Ukraine's lost momentum, like Georgia's democratic stumbles, have allowed Moscow, with its exploding resource wealth, to reassert authority over its former Soviet empire. Ukraine is home to millions of Russian speakers, and Moscow has threatened energy cutoffs and missile attacks to remind Kyiv of the dangers of looking West.
The country's beleaguered pro-Western forces now worry that McCain's defeat means the loss of a powerful protector, and the rise of an unknown quantity who may attempt to accommodate Moscow at the expense of countries like Ukraine.
"I've got the impression that Obama will conduct a traditional Democratic policy. That means that Russia will come first," said Yuriy Shcherbak, a former Ukrainian ambassador to Washington. "I think our prospects under an Obama government will be quite difficult. We don't know whether, and to what extent, Obama will be ready to defend the sovereignty of Ukraine."
Obama has acknowledged that Russia's "resurgence" is one of the major issues to be faced by the incoming U.S. administration.
Russia has threatened to place missiles in Kaliningrad
Many worry Obama's pragmatic, consensus-building style will prove a losing tactic in dealing with the bluster of the Kremlin, whose first gesture after the U.S. elections was not an offer of congratulations but a threat to place missiles in Kaliningrad to counter the planned U.S. missile-defense system in Poland and the Czech Republic. A Cooler Head?
Others, however, argue it was McCain -- hotheaded and confrontational -- who would have proved the far greater risk in dealing with Russia.
"I believe there are many in Georgia who felt McCain would have been a stronger advocate for getting Georgia into NATO quickly," Mitchell said. "But McCain would never have been able to get them into NATO. I believe Georgia in the longer term probably should get into NATO. But it's only going to happen by building a coalition -- and Obama is far, far better prepared to do that than McCain."
Despite lingering doubts in Tbilisi and Kyiv, Obama indicated clear support for NATO expansion in a number of policy statements issued before the election.
One statement noted that Obama and his vice-presidential running mate, Senator Joseph Biden, "have consistently called for NATO Membership Action Plans for Ukraine and Georgia, and support their admission to NATO when they are ready."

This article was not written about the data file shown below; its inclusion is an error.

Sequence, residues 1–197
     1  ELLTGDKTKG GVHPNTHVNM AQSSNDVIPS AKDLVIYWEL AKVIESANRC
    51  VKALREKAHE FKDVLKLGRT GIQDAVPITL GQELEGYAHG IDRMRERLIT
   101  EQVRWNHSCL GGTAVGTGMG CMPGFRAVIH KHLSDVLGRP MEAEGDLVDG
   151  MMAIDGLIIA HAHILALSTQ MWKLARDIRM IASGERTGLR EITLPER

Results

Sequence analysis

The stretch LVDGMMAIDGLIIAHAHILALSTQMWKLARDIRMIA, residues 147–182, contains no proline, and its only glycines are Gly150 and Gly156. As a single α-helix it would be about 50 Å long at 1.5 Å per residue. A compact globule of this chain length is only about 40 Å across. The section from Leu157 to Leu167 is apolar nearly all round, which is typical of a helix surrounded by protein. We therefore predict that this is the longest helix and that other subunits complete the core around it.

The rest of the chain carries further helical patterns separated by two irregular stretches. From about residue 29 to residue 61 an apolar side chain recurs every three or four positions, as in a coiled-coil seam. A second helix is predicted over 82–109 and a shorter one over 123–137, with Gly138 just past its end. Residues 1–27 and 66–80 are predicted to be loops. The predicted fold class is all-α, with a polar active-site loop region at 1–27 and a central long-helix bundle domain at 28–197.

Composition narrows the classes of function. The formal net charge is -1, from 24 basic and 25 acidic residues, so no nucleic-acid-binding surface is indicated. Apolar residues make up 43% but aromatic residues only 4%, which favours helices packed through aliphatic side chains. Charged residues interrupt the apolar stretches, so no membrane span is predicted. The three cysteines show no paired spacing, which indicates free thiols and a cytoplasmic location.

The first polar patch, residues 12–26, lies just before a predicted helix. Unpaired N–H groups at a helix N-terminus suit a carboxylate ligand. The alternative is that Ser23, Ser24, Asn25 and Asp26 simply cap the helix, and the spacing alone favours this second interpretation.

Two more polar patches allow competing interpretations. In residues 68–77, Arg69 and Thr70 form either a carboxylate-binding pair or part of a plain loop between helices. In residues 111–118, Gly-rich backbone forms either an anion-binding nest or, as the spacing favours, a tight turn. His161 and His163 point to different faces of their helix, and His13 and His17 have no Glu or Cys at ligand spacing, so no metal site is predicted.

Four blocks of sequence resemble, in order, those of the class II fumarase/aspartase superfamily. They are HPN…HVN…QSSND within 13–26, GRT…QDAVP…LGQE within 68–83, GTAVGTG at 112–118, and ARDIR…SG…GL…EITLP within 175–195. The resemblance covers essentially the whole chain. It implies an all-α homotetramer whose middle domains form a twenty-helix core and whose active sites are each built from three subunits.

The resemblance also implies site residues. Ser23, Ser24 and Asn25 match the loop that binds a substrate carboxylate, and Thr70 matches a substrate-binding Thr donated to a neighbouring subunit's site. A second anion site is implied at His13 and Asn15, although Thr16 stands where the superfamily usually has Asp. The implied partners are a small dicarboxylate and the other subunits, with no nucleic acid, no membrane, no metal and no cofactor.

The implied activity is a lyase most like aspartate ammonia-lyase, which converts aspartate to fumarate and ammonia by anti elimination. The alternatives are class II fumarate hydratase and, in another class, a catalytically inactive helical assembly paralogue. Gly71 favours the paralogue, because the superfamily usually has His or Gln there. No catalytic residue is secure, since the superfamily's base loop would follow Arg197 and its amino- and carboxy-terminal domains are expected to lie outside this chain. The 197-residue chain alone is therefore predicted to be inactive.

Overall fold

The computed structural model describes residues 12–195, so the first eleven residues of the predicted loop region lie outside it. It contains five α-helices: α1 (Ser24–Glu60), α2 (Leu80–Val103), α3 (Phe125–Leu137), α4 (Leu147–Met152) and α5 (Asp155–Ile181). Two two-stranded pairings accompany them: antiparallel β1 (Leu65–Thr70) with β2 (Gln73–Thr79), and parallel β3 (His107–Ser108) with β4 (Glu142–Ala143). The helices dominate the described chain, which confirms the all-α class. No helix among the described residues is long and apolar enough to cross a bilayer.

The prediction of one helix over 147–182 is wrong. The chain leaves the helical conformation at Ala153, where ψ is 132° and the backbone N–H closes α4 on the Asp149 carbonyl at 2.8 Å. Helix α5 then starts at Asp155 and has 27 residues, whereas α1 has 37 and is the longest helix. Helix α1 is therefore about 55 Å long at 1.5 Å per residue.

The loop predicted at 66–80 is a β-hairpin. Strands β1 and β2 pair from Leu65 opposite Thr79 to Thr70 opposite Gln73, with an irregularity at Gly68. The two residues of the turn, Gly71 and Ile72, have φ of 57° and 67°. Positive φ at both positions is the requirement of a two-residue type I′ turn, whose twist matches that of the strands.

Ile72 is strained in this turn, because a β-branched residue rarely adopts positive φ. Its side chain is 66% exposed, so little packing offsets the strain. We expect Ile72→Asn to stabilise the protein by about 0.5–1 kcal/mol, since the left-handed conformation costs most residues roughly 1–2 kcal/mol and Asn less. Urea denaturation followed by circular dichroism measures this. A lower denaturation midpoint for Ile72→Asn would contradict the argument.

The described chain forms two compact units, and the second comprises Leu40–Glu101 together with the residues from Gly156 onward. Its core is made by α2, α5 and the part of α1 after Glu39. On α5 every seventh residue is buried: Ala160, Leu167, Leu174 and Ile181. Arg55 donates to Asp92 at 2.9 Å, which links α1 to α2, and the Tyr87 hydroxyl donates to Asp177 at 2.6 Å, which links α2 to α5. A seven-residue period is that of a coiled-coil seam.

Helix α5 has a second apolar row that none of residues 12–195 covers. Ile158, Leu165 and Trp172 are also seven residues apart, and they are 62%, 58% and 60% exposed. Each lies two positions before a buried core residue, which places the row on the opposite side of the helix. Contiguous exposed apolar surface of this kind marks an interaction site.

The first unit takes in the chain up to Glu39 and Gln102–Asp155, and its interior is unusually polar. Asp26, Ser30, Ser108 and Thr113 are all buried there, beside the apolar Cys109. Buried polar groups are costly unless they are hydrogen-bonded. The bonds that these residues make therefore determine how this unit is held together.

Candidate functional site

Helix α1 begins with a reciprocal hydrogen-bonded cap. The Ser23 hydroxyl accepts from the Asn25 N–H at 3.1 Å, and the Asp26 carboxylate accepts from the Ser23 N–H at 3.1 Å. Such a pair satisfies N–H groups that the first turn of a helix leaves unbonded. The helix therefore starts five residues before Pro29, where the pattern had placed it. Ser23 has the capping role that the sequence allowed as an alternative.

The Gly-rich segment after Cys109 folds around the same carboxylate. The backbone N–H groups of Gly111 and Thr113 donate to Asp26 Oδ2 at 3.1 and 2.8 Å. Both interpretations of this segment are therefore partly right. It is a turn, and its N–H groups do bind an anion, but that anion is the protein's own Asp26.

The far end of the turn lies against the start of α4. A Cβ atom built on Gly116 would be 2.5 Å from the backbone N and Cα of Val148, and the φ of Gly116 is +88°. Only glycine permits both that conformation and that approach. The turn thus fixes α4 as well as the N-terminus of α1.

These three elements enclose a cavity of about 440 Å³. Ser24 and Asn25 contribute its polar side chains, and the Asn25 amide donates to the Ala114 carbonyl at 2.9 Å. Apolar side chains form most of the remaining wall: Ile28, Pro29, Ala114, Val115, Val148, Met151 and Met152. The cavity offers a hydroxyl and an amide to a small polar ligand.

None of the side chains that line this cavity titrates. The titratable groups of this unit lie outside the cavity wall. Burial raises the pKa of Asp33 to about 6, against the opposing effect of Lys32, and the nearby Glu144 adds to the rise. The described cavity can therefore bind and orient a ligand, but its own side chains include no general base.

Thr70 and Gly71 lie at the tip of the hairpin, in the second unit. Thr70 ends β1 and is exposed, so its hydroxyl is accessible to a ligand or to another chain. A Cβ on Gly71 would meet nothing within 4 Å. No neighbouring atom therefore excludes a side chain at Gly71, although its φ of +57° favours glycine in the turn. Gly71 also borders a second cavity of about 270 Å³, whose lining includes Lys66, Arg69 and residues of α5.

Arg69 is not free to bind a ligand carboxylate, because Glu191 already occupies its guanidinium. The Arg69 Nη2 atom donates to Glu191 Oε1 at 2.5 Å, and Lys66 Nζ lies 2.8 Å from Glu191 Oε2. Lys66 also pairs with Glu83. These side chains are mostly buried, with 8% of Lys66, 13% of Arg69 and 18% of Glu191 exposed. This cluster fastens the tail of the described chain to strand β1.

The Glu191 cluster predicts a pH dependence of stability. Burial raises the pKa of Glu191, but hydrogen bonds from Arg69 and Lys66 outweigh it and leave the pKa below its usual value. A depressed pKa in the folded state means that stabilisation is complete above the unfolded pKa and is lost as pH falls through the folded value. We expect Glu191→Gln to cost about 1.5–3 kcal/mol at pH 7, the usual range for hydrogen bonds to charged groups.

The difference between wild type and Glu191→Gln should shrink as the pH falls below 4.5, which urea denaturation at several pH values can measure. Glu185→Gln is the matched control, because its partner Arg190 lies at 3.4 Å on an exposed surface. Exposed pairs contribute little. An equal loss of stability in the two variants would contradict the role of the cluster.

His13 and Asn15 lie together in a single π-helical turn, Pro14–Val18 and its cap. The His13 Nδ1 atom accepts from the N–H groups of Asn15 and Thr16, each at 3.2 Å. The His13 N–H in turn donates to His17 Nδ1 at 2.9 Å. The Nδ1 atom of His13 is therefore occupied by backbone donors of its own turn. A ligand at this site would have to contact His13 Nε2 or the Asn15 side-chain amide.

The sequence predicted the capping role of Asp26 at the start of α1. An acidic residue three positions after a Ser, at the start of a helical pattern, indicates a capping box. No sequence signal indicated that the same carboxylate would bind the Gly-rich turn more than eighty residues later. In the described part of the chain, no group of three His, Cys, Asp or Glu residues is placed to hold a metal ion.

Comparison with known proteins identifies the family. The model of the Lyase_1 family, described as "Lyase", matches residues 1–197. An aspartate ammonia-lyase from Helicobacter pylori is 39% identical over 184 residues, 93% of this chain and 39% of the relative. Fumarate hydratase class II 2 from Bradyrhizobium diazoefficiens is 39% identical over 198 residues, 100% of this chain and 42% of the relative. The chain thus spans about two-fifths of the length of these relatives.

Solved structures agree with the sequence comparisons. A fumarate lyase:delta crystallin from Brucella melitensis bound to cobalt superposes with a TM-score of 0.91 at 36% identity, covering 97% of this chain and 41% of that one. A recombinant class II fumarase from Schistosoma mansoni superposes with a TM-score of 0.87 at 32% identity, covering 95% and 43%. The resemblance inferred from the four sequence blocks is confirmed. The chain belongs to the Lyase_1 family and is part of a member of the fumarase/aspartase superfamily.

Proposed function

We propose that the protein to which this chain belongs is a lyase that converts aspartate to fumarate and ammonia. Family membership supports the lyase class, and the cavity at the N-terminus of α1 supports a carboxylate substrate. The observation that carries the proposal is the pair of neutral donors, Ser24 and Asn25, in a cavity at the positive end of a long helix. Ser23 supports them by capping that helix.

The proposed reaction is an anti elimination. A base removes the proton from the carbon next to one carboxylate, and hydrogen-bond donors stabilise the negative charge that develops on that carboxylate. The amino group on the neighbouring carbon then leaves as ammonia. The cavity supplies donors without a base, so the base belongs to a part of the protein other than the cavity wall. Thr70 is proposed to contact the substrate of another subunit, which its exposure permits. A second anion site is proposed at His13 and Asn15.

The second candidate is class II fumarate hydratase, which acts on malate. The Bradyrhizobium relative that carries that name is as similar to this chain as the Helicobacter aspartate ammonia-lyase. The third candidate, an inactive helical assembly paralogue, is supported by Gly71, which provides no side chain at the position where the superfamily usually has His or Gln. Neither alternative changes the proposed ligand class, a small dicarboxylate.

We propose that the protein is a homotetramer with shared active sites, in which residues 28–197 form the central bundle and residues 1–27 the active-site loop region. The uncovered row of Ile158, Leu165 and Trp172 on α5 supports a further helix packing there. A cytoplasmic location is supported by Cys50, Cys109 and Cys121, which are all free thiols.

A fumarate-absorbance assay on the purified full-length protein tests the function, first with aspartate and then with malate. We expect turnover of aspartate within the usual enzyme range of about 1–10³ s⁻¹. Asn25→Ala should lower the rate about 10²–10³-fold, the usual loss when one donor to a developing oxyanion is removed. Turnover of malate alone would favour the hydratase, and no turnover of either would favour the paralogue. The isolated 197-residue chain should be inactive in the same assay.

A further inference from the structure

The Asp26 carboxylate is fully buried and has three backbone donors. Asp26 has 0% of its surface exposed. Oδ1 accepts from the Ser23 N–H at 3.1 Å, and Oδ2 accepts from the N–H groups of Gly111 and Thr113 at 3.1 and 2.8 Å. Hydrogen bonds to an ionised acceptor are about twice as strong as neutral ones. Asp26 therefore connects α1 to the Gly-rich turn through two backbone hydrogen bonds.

The readiness of Georgia and Ukraine remains, however, a separate question -- particularly as Tbilisi continues to answer for its actions in the recent war with Russia.
Shalva Pichkhadze, who heads the Tbilisi-based organization "Georgia for NATO,” acknowledges the August conflict was a setback for Georgia's membership bid. But he says he believes the election of Barack Obama as the 44th U.S. president will not be a roadblock in Georgia's long-term membership goals.
"For me it's more important to what degree Georgia is doing everything it needs to in order to get into NATO,” he said. "As for Obama, if he supports NATO expansion -- and I think he will -- then Ukraine and Georgia are the likeliest candidates for entry. And we're doing everything we can so that it will be worth it to Obama and our allies to fight for our membership in NATO."Back To Basics
Not all Georgians may measure Obama's worth in terms of his stance on NATO. Sozar Subari, the country's human rights ombudsman, has been a frequent critic of Saakashvili's leadership style and says the best contribution Obama could make would be to return Georgia's focus to questions governance and civil society.
In this, he says, he sees a notable difference between Obama and Georgia's "old friend" John McCain.
"What I expect from Obama, as opposed to McCain, is this: more support for democracy in Georgia," Subari says. "I hope that the huge support for Georgia we saw with the previous administration will continue, but that more attention will be paid to democracy within Georgia."
Mitchell of Columbia University echoes the sentiment. "The best outcome of an Obama victory," he said, "would be that the Georgian-U.S. relationship is returned to normal."Marina Vashakmadze of RFE/RL's Georgian Service and Maryana Drach of RFE/RL's Ukrainian Service contributed to this report